CDC: Those With Weakened Immune Systems Should Continue COVID Precautions

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by Forest Ray PhD |

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People with weakened immune systems, such as those with scleroderma, should continue taking all COVID-19 precautions, even if fully vaccinated, according to guidelines from the Centers for Disease Control and Prevention (CDC).

“The Scleroderma Foundation’s MSAB [Medical & Scientific Advisory Board] Leadership Committee agrees with the CDC guidelines for those who have a condition or are on medications that weaken the immune system,” the foundation wrote in an open letter to the scleroderma community signed by Robert J. Riggs, CEO.

“While the vaccines that are currently available are [bringing] us closer to a sense of pre-pandemic normalcy,” the letter read, “it’s important to weigh emerging knowledge about the virus, vaccines, and changing safety guidance with the risks for those with scleroderma/systemic sclerosis.”

In particular, the foundation noted that recent research suggests that COVID-19 vaccines may have less than 50% effectiveness for immunocompromised people, particularly those taking CellCept (mycophenolate mofetil).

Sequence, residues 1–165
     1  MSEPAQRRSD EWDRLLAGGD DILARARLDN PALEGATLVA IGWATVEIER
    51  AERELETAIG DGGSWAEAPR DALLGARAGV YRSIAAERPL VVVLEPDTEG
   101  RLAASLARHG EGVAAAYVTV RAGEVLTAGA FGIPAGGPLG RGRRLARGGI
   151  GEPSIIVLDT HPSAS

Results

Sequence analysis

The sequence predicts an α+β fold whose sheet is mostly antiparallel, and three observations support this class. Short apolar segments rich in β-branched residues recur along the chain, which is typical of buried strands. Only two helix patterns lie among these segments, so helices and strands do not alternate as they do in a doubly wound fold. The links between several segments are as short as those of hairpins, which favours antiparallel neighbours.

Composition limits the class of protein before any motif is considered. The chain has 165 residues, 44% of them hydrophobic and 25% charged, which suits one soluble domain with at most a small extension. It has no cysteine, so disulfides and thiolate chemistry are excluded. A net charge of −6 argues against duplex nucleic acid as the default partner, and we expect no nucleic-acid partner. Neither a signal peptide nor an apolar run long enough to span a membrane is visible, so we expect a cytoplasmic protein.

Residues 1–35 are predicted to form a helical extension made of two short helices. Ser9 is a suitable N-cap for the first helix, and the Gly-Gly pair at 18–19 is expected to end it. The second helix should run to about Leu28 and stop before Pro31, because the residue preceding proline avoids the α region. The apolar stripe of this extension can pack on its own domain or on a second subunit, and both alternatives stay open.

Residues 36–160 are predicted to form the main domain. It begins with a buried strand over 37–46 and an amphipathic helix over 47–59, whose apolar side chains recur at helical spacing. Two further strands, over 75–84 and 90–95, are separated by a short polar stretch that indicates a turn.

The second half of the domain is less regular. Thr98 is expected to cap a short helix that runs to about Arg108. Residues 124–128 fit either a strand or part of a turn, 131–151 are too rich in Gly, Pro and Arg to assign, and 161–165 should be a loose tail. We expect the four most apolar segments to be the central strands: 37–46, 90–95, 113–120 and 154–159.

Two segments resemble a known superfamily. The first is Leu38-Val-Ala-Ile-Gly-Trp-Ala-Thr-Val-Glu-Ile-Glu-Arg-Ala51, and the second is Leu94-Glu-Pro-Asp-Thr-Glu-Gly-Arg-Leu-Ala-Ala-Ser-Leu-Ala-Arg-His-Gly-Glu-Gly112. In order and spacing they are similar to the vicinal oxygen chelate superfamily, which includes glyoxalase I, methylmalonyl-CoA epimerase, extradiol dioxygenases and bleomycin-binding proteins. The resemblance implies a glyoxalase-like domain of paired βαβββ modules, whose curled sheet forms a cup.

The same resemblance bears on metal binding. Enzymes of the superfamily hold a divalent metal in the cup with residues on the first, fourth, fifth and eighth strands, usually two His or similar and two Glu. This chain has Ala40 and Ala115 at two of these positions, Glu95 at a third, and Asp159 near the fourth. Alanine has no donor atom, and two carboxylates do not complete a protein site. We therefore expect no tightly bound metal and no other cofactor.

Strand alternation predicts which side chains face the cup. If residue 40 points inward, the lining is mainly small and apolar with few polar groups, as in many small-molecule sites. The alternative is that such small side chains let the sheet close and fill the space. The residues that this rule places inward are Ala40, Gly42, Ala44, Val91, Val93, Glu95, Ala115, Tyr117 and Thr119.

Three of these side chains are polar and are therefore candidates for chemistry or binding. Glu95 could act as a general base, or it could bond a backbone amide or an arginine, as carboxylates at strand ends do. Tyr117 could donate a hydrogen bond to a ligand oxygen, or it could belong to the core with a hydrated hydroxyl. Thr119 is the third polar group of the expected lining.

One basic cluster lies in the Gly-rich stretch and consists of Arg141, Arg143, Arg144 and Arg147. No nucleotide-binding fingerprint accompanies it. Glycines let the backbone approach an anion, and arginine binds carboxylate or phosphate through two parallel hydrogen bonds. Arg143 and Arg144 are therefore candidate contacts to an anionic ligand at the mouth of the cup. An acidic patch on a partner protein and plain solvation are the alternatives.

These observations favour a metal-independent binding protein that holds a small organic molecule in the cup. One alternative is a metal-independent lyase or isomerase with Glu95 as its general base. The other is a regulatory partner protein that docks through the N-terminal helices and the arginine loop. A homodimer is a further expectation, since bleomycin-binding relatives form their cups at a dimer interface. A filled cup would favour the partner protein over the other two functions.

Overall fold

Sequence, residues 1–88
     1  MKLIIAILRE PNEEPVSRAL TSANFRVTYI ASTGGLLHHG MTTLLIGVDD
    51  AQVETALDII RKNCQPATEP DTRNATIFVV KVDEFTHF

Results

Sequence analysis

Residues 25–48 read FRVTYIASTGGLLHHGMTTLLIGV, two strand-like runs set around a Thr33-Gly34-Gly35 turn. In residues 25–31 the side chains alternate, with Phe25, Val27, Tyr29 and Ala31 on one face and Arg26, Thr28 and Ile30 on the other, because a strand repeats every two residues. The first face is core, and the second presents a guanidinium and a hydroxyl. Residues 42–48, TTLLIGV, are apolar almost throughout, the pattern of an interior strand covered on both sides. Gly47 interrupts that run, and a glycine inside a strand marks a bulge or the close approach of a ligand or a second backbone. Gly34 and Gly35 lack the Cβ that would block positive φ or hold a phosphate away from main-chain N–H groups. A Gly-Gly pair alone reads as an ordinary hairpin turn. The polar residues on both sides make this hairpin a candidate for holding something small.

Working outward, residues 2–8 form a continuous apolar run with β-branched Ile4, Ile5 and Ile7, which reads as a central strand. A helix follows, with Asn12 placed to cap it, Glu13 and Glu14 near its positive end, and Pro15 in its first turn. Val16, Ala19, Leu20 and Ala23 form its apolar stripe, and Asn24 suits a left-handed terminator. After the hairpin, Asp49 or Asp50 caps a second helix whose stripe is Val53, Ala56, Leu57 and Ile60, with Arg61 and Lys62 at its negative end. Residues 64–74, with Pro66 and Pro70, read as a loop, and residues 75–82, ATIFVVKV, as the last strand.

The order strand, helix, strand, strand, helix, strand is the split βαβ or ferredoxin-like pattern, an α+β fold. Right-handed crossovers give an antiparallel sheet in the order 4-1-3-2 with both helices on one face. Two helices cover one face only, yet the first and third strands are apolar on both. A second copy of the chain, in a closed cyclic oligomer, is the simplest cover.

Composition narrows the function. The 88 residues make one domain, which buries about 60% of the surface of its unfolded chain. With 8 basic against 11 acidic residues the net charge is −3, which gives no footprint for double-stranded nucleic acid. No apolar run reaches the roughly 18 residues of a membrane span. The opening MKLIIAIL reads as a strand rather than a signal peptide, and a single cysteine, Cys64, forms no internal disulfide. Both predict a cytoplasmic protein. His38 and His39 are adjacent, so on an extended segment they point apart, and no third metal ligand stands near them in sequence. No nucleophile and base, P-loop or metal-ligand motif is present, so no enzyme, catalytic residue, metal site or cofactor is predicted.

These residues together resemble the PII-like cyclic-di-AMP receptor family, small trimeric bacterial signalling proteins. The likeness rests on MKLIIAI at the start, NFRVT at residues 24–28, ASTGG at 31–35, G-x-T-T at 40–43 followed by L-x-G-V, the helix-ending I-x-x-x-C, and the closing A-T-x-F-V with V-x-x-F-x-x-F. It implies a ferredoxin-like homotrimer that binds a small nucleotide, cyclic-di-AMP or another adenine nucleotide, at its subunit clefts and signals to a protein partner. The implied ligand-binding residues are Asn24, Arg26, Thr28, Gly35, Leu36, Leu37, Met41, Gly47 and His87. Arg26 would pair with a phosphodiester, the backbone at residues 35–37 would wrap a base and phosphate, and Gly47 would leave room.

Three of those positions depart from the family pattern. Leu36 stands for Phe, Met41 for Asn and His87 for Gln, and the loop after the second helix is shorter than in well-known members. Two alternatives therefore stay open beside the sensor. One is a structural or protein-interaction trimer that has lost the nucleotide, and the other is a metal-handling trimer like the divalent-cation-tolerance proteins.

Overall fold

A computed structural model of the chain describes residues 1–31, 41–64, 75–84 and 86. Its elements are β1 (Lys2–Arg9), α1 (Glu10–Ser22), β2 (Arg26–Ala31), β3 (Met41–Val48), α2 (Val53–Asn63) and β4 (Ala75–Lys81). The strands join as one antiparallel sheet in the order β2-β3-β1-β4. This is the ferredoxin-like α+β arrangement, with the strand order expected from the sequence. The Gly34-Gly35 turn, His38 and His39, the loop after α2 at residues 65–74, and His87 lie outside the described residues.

The CDC strongly recommends that people diagnosed with scleroderma or systemic sclerosis (SSc) who are taking immunosuppressive therapies such as CellCept or rituximab, as well as the people they live with, should continue good COVID-19 avoidance practices.

These include wearing face masks, practicing social distancing, avoiding crowds and poorly-ventilated indoor spaces, and frequently washing their hands or using sanitizer when soap and water are unavailable.

Both the CDC and the U.S. Food and Drug Administration (FDA) have stated previously that the vaccines are generally safe and pose little risk to the rare disease community, which includes patients with scleroderma. In a webinar, Peter Marks, the director of the FDA’s Center for Biologics Evaluation and Research, explained that the greater concern was whether the vaccines would be as effective in people with rare diseases, as they are in the general population.

Nevertheless, despite a potentially diminished efficacy among those with weakened immune defenses, the CDC still recommends getting a COVID-19 vaccine when able.

In general, people are considered fully vaccinated two weeks after either their second dose, in the case of the Moderna or Pfizer vaccines, or their single-shot Johnson & Johnson vaccine.

The Scleroderma Foundation also noted that its current policy is still to suspend in-person events.

“As the leading patient advocacy organization for the scleroderma community, the Scleroderma Foundation takes seriously its responsibility to act in an abundance of caution by continuing to deliver its programs, services, and special events in virtual formats until the scientific community has more data on the efficacy of vaccines for immunosuppressed individuals,” it stated.